Tourists at Niagara Falls on Saturday were shocked when water at the base of the falls turned black—accompanied by a very bad smell. "The first thing that came to my mind was, 'Dear God, please don't be an oil leak,'" Pat Proctor, an exec at a company that flies tourists over the falls, tells the AP. He spotted the black water, which surrounded a dock for the Maid of the Mist tour boats, from a helicopter. He tells the BBC it spread out over a half-mile, "looked menacing and smelt terrible." The Niagara Falls Water Board had an explanation: The Niagara Falls Waste Water Treatment Plant had gotten approval to "discharge sewer gunk," as the Buffalo News puts it, in order to drain a plant basin that was to be upgraded on Monday. That explains the liquid and the smell, but not the color.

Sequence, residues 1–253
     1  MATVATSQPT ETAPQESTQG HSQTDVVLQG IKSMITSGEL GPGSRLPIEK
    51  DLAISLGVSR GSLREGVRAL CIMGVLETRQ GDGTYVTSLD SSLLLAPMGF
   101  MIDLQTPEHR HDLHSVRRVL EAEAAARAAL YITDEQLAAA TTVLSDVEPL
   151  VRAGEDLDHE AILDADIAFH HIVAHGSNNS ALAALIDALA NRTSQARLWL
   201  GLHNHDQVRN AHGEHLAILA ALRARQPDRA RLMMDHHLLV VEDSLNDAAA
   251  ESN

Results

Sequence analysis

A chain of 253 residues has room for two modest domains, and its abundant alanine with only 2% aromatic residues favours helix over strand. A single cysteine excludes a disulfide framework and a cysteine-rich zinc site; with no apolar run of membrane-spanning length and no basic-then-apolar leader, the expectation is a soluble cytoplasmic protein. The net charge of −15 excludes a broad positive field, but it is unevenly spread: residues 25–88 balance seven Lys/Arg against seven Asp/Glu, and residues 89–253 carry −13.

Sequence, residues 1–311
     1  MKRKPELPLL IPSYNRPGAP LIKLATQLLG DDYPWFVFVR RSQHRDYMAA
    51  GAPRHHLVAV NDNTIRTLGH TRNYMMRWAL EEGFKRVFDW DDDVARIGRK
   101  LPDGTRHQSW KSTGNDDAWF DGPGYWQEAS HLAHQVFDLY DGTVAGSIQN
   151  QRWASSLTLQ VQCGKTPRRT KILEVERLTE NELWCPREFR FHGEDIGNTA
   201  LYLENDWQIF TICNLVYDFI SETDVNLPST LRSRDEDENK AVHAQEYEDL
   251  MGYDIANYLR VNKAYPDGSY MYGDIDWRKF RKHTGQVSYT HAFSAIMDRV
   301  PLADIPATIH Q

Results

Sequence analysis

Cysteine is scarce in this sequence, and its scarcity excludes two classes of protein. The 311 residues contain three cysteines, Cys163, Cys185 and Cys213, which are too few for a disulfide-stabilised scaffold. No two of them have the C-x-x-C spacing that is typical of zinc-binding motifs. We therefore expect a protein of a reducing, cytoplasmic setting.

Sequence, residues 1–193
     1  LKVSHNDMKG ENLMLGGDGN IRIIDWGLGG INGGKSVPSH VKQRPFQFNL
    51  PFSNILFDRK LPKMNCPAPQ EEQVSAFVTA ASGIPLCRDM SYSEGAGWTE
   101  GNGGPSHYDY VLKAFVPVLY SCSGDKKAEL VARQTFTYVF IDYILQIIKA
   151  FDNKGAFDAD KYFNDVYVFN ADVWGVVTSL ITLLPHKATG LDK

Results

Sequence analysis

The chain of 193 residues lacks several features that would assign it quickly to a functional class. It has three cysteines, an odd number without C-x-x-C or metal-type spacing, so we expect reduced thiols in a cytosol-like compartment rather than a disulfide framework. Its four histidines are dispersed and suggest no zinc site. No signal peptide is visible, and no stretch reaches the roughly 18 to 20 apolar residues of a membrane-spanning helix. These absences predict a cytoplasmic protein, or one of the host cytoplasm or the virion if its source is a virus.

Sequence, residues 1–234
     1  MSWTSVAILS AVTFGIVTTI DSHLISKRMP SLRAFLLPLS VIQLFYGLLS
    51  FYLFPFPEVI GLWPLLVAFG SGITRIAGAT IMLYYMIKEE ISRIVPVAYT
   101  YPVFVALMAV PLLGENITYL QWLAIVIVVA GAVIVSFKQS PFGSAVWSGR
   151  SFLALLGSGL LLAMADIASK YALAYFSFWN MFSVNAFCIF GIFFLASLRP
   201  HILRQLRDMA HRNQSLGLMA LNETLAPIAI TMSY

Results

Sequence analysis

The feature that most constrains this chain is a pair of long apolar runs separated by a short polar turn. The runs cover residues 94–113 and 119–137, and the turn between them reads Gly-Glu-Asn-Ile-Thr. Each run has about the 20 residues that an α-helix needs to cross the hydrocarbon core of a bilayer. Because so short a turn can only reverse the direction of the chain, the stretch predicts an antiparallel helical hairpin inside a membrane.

The inky hue was the result of the black carbon filters used to clean the water; in flushing the entire basin, the dark sediment at the bottom was released. "The blackish water contained some accumulated solids and carbon residue within permitted limits and did not include any organic type oils or solvents," the board's statement said. "The unfortunate odor would be limited to the normal sewer water discharge smell." The board apologized for scaring residents and tourists—the News reports that Niagara Falls State Park was full of them. State officials say the water board had all the necessary permits, though many businesses noted the timing was far from ideal. "Why the smelly black discharge into Niagara River on very busy tourist weekend?" tweeted Maid of the Mist. (A very peculiar death at Niagara Falls has left cops perplexed.)